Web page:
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I need some help verifying the transfer function of this amplifier circuit stage. The below circuit has a gain of 20 from the result of Rf and Rg.

enter image description here Below is the nodal analysis equation where G is used to show conductance. enter image description here

The problem I am having is that I have 2 transfer functions in a feedback loop. G(s) and H(s), the op amp open loop transfer function and the closed loop transfer function. When they combine in feedback loop I get a final transfer function of G(s)/(1+G(s)*H(s))

My output transfer function however seems to have gain bode plot of less than unity!

  • Green curve = output transfer function
  • Blue curve = G(s) op amp open loop transfer function
  • Orange curve = close loop H(s)

Shouldn't the amplifier stage, well, amplify? I can clearly see that the math works out to make it less than unity gain, but how is the output voltage going to be amplified? For example: at DC the math works out to be -26dB, gain of ~1/20. Similarly, the closed loop gain is around +26dB.

When applying H(s) to G(s), in feedback it became net negative. But to apply a real voltage at the input and expect an output, let's say for 1 volt input @DC, Vi=1, Vo=ViTF -> Vo=10.05011=0.05011.

The problem here is I am missing 1/x somewhere to get the proper gain of 20. I thought the transfer function is Vo=TF*Vi not Vo=1/TF *Vi?

enter image description here

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  • \$\begingroup\$ What gain & phase do you want at all critical frequencies? Must define!this is trivial on Falstad’s Bode Plotter but you can compute easier with Admittance for parallel feedback to 1/Rg for gain so compute 1/Av(f) the Y(f) for each part attenuates the inverse gain. \$\endgroup\$ Aug 18, 2020 at 21:43
  • \$\begingroup\$ as the net phase shifts past 90 deg it starts towards positive feedback and boosts the breakpoint gain of Green \$\endgroup\$ Aug 18, 2020 at 21:50
  • \$\begingroup\$ I am sorry, I don't understand. I want a gain of 20 at most frequencies. My phase just has to be enough so that it isn't ringy-dingy. Why would the green curve (output transfer function) be under unity gain? The amplifier transfer function should amplify! \$\endgroup\$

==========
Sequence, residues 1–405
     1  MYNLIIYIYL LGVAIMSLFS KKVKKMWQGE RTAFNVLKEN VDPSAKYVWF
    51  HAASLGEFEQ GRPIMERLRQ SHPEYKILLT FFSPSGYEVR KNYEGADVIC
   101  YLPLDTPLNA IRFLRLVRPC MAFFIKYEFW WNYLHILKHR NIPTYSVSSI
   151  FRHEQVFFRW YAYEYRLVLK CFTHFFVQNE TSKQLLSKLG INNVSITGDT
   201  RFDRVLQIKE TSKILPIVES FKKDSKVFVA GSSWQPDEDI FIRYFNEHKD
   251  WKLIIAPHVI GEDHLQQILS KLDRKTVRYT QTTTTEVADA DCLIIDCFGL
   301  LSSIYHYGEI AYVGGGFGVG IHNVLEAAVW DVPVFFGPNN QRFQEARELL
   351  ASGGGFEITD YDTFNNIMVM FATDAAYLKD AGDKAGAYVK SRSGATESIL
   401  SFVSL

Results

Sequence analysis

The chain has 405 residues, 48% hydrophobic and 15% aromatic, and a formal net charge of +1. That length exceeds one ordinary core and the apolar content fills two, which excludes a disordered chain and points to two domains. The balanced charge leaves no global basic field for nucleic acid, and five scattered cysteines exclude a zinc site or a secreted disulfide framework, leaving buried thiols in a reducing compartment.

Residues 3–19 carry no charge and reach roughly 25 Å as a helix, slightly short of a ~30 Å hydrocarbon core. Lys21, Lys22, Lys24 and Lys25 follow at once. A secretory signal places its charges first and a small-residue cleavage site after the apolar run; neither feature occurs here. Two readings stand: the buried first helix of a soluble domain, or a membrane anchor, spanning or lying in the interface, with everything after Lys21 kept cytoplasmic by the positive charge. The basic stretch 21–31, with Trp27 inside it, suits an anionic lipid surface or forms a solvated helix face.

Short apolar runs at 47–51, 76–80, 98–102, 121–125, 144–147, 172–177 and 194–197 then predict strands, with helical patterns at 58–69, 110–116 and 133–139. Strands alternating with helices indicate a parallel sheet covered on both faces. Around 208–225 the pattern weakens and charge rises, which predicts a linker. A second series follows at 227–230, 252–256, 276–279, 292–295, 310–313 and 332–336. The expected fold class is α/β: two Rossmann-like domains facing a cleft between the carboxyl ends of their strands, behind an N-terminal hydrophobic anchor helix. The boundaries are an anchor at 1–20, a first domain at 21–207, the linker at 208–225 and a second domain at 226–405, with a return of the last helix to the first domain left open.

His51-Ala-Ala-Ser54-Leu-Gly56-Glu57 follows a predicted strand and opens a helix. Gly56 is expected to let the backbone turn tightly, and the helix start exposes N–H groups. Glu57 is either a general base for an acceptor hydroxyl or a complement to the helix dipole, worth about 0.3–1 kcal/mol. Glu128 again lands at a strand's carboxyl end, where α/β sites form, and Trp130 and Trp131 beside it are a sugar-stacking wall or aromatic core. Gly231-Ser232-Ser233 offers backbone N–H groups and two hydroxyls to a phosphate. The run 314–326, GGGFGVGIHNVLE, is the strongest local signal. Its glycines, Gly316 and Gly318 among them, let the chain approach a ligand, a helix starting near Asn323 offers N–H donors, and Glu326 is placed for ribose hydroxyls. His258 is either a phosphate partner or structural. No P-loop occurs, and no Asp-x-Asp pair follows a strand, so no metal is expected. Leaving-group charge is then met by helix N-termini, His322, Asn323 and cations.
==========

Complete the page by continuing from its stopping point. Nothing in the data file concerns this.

– Jirhska
    Aug 18, 2020 at 22:03

2 Answers 2

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I am not familiar with Mathematica.

Your system

feedback system with G and H

G should be of the format \$\frac{V3}{V1}\$. i.e. V1 is input, V3 is output of G(s)

H should be of the format \$\frac{V1}{V3}\$. i.e. V3 is input and V1 is output of H(s).

However, your image seems to show that HofS1 is a function which takes V1 as input and produces V3 as output. I think that this actually represents 1/H(s).

So the line SystemsModelFeedbackConnect(..) is actually doing

\$\frac{G(s)}{1 + G(s)\frac{1}{H(s)}} = \frac{G(s)H(s)}{H(s) + G(s)} \$

So for large values of G(s) (below 10^7 Hz?) you may be effectively plotting H(s) which is supported by the observation that green plot and yellow plot are symmetric about 0 dB.

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    \$\begingroup\$ This answer is trying to answer "The problem here is I am missing 1/x somewhere to get the proper gain of 20". I don't know Mathematica, so I cannot check. \$\endgroup\$
    – AJN
    Aug 19, 2020 at 17:26
  • \$\begingroup\$ This is the answer! I fixed this and it worked thanks again @AJN! \$\endgroup\$
    – Jirhska
    Aug 19, 2020 at 18:33
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Use a PID (or a PI controller rather:

enter image description here

Source: https://www.semanticscholar.org/paper/Chapter-Ten-Pid-Control-10.1-Basic-Control/32f76117181bcdd012511fdc0d78c96378a46e72 Figure 10

The P is the gain term, you want this to be 20.

\$ K_p = 20 = \frac{R_2}{R_1}\$

The I term will be where you want the pole to be (you only get one with the PI controller with a -20db/dec rolloff)

\$ K_I = 2\pi f = R_2 C_2 \$

If you really do need the output non-inverted, then use another inverting stage with a gain of 1 after the first one.

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  • \$\begingroup\$ Thanks, the circuit topology is one part of an instrumentation amplifier so it needs to be noninverting. I am just not sure why the transfer function curve is below unity gain when it does amplify in a SPICE program. \$\endgroup\$
    – Jirhska
    Aug 18, 2020 at 23:26
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    \$\begingroup\$ If both sides of the instrumentation amplifier are not balanced it will destroy your common mode voltage range \$\endgroup\$
    – Voltage Spike
    Aug 19, 2020 at 0:17
  • \$\begingroup\$ I think I need to swap solving for V3/V1 and solve for V1/V3 since input is actually output in a feedback system! \$\endgroup\$
    – Jirhska
    Aug 19, 2020 at 15:02
  • \$\begingroup\$ Why are you using an inst amp for this? \$\endgroup\$
    – Voltage Spike
    Aug 19, 2020 at 16:36
  • \$\begingroup\$ I was encountering stability problems in an existing in-amp circuit. Doing the control theory analysis was my next step in order to improve gain margin \$\endgroup\$
    – Jirhska
    Aug 19, 2020 at 18:38

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